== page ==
I sat there and debated whether to say something... but I actually felt very conflicted about whether that space was capable of framing the kind of conversation that needed to be had (which I have to say wasn't helped by the surprisingly condescending way your gesture/point was skirted... I guess I thought that crowd in particular would appreciate the role of the agitator more). Anyhow, I think it was certainly important to start the conversation there... but I also think you're right in suggesting — and offering — other venues, forums, etc where it can be continued more thoughtfully.

    I would also add that I was wary of putting my thoughts out there on Sunday because my critique is largely to do with the way the conference positioned itself and its presenters as 'on the edge', and I didn't want to be seen as undervaluing any of the incredible work that was shown/read this weekend (which I don't). I didn't think I would have the space/time to communicate all that during the closing remarks.

    I'm still processing my response to this weekend... but I will say my discomfort in large part stemmed from how the conference appropriated the term 'intervention' without interrogating the positioning/processes it implies (or at least to me the interrogation felt surprisingly cursory and self-congratulatory). 'Intervention' strikes me as a pretty trendy word, carrying a similar POW-factor as 'collaboration' or 'cross-disciplinary' do these days. It's easy to get excited by it and leap past the tougher questions it implies, like INTERVENTION... into what? Why? On behalf of whom? To me these questions were not adequately addressed this weekend... because if they were I don't see how that representation/access issue couldn't have taken over the foreground conversation — rather than remaining in the behind-the-scene conversations conducted on the internet and in smaller groups.

    Anyhow, like I said, these are just my early thoughts... These, and a big thanks for "starting" the conversation on Sunday.

    Kai

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  4. ps: I also don't want to appear too critical as a starting point. So I would temper my above post by also saying I really appreciated comments/presentations that started to open up some of the above issues... e.g., comments made by Larissa Lai (regarding subjectivity, class/capitalism, etc), community-engaged/collaborative works presented by Fred Wah, D Kimm's discussions of her engagement with literary (and non-literary) communities in Montreal, Erin's presentation of issues related to translation and how she brought our attention to writers working in other languages, etc.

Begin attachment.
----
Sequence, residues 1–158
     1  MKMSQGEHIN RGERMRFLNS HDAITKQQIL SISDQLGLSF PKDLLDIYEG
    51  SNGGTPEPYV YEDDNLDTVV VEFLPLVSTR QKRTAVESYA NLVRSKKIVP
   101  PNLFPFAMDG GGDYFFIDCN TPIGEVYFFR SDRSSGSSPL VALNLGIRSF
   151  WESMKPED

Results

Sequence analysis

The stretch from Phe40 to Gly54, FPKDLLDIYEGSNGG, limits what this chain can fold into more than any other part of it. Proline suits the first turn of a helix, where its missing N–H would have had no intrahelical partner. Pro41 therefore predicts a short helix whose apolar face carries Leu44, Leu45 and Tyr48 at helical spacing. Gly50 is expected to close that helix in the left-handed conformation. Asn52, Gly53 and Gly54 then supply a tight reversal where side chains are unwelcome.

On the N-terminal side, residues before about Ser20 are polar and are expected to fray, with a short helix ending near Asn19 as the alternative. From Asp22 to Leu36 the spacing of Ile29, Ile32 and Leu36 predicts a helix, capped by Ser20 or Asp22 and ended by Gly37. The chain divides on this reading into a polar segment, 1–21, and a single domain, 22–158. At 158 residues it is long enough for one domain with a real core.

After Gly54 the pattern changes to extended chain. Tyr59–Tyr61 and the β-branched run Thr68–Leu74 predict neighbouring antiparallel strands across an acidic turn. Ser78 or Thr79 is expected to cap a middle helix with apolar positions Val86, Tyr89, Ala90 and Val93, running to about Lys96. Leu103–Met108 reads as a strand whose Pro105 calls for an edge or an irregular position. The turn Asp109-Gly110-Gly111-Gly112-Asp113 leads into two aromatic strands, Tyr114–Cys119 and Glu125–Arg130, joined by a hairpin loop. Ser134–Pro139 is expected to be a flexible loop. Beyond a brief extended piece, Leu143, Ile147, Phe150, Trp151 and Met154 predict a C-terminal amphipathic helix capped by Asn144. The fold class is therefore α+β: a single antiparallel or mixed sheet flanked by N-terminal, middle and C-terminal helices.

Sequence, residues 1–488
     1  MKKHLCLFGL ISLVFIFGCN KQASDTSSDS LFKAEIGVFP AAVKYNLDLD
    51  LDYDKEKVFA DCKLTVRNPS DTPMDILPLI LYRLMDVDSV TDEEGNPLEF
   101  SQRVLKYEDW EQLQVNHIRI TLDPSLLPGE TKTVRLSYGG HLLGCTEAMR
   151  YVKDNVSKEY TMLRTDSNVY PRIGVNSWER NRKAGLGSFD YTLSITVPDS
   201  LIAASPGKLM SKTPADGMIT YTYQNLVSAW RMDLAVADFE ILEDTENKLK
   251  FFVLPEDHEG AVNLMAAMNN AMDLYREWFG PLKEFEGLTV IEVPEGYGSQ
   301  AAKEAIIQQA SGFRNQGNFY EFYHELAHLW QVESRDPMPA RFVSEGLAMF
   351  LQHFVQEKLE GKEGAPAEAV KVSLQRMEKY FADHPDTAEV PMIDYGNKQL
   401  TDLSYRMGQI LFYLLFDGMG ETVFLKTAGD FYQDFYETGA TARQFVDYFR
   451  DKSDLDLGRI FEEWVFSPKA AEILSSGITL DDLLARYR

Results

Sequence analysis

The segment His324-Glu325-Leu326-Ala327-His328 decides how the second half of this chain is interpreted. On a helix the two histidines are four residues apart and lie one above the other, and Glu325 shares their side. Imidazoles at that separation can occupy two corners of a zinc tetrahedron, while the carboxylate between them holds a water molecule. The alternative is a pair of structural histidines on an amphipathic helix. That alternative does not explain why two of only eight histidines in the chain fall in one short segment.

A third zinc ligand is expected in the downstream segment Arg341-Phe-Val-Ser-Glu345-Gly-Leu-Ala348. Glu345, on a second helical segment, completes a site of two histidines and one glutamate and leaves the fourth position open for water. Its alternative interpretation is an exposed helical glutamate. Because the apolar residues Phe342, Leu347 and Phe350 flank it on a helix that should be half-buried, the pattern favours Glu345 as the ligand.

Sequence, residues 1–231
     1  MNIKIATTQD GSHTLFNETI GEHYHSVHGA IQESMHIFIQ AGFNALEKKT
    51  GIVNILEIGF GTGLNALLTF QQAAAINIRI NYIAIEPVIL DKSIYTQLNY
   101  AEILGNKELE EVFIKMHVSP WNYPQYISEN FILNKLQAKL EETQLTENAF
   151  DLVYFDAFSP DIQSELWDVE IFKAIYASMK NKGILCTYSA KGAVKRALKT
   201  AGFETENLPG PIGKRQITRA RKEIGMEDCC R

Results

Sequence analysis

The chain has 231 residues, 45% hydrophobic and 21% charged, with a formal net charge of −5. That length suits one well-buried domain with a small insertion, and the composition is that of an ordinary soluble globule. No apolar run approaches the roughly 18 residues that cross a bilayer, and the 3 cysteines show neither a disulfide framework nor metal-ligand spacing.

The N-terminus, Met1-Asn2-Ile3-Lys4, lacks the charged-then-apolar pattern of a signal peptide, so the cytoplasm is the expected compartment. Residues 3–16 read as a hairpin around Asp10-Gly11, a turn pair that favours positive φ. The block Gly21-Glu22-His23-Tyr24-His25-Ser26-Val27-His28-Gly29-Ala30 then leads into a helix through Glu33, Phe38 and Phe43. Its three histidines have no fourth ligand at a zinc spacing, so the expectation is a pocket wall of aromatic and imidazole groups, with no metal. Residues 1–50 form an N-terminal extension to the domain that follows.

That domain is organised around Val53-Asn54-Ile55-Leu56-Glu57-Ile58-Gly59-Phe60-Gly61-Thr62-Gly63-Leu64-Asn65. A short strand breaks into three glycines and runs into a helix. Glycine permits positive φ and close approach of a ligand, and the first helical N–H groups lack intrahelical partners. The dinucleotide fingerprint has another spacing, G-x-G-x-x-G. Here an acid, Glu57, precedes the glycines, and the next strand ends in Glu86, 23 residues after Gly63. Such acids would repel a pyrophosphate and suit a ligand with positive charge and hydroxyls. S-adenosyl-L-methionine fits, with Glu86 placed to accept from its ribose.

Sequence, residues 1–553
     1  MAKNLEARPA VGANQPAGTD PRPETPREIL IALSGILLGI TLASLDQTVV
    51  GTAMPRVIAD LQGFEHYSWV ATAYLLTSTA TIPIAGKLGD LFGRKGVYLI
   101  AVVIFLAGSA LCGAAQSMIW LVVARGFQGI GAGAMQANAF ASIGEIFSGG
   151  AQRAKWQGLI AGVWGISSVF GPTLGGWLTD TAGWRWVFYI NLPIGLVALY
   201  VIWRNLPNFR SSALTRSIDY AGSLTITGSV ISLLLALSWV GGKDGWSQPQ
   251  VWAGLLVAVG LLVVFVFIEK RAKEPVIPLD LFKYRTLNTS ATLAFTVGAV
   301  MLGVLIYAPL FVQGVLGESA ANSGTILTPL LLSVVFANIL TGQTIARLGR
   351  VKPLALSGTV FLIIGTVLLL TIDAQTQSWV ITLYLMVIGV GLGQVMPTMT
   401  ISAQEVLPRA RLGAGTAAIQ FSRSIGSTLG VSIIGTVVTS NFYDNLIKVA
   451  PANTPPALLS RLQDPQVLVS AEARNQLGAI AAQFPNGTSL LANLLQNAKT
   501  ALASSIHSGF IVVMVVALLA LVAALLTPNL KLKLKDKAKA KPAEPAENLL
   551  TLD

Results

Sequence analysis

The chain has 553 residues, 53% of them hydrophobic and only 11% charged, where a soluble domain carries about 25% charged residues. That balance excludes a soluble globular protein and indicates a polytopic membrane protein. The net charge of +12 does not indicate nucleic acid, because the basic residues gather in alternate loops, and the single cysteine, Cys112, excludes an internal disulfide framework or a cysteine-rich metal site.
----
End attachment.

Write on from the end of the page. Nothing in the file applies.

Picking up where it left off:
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  5. Heya! Would you post your closing remarks? Would appreciate. =)

    And thnx for the rest of this. I write fiction so am particularly interested in the discussion of the sentence that occurred or didn't.

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  6. Hey Claire!

    I'm glad to have participated in this conference with you, and am excited to consider how we can start implementing our own collaborative and community projects!

    My own dear father just demonstrated this evening a deep-rooted sexism I never knew existed in him, and I am tempted by this real-life kick in the box to throw up my hands and say "why bother" when misogyny is live and well in my own backyard. But we must stay strong and believe in what we're doing. Onwards!